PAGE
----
Dedicated Cigar Smokers Puff Away in California's Vineyards
Anthony Dias Blue
From the Print Edition:
George Burns, Winter 94/95
A typical morning in the Oakcross Vineyard. It's still early and the Napa Valley is just beginning to awaken. A hawk circles high in the sky above, riding thermals along the valley's edge. Grapes hang in bunches from their trellised vines as Cabernet and Chardonnay slowly mature. Mist lingers over the neatly planted rows.
But look closer: this mist is more of a haze, rising in a lazy plume. Look down to its source, and there is a lone smoker enjoying the solitude. "My favorite place to smoke is walking in my vineyards," says Dennis Groth, former vice president of Atari and owner of Groth Vineyards.
Groth is typical of the small but devoted cadre of wine-country cigar smokers. Most have been smoking for years. Many prefer to smoke alone, enjoying cigars in reflective, relaxing moments. Each person has his own favorite place in this not-always cigar-friendly setting. There doesn't seem to be a common denominator. Some are well-known ultrapremium producers; some make sparkling wine. Some produce simple, low-cost wines for the mass market. What ties them together is their love of the leaf.
Steve Girard of Girard Winery prefers to smoke his Partagas Coronas in a hammock slung between two oak trees outside his office. He smokes five a week, the perfect way to relax for this vintner on the move. Girard has been busy developing a property in southern Oregon to produce Pinot Noir. The experience has not been without its rewards. "After spending 10 hours planting the very first grape vines, my ranch manager showed up with a case of ice-cold beer. I passed out Montecristo No. 1 "cubes" [shorthand for Cuban cigars] and I sat overlooking my new vineyard and watched the sun go down," he recalls. Nor is he limited to celebrations of a hard day's work. Girard recalls a recent New Year's fireworks display in Napa Valley that he ended "with a Romeo y Julieta Cube at 2 in the morning."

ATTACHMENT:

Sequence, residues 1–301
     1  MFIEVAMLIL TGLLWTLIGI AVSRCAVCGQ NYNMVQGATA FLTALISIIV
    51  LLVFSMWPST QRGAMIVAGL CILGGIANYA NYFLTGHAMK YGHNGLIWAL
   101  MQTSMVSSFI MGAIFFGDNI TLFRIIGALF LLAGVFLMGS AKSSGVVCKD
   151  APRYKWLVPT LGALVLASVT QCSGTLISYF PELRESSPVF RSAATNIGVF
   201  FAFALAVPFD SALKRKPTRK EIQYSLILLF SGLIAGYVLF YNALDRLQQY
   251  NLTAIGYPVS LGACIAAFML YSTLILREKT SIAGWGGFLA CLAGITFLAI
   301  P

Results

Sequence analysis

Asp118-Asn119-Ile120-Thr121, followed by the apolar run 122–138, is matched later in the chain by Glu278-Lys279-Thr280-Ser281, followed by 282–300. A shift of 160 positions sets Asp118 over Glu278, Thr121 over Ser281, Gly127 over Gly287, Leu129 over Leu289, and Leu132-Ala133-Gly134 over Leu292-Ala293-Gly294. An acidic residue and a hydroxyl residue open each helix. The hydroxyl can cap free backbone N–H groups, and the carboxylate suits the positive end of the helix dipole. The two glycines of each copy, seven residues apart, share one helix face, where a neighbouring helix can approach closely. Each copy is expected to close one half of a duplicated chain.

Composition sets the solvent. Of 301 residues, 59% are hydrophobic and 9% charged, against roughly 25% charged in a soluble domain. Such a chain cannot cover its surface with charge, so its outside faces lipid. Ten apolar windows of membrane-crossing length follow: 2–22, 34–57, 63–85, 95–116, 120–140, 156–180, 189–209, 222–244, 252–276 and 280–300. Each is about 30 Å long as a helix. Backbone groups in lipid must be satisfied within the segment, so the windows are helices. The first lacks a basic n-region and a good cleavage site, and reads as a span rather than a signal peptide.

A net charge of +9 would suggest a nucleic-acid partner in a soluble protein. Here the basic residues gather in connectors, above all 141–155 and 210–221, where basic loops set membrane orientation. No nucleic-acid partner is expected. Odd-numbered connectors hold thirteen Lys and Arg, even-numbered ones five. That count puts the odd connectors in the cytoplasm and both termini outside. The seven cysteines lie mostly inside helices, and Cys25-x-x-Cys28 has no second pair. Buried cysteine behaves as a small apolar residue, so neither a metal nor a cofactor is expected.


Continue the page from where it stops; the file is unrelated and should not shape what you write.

Steve Girard's partner in the Oregon venture, Carl Doumani, is also a cigar enthusiast. Doumani owns the historic Stags' Leap Winery, where he has restored the stone winery building and replanted many of the old vineyards. In addition to Cabernet, Merlot and Chardonnay, Stags' Leap produces an intensely flavored Petite Sirah from one of the oldest sites in Napa. It is this wine, with its smooth, soft tannins, that he often drinks with cigars. Smoothness and smoke go together.
Doumani also makes a Port--a sweet, silky, unctuous wine--from his vineyards, although it is not available commercially.
Doumani began smoking cigars in the 1940s around high-school poker tables and at one time consumed several a day; he now sees it as more of an occasional treat. "A few years ago, we were sitting on the Stags' Leap porch, drinking Cognac and Port and smoking aged Romeo y Julieta. It was a special, nice moment," he says. Romeo y Julieta Churchills are his favorite Cuban cigar and Partagas No. 10 is his smoke of choice from the Dominican Republic.
Groth, who produces only estate-grown wines from vines in the Oakcross Vineyard and Hillview Vineyard south of Yountville, is also partial to Partagas, but he prefers 8-9-8. He averages one cigar a day, enjoying H. Upmann 2000s along with the Partagas. But his tastes were not always so discerning. "I smoked my first cigar when I was a weekend surf bum in my high-school years. We smoked rum-soaked crooks because they were cheap and plentiful."
One of Napa's most celebrated and consistently excellent wines is the Duckhorn Vineyards Merlot from the Three Palms vineyard in Calistoga. Although often in the shadow of the coveted Merlot, Duckhorn's Cabernet Sauvignon and premium red blend are always rich and long-lived.
Both Dan Duckhorn (former banker) and his wife Margaret are cigar smokers, as is winemaker Tom Rinaldi. Rinaldi's first smoke was back in 1967 at the Alfred Dunhill shop off Union Square in San Francisco. "It was a real pleasure to sit amongst the humidors of the famous and infamous under the guidance of a knowledgeable tobacconist," he recalls.
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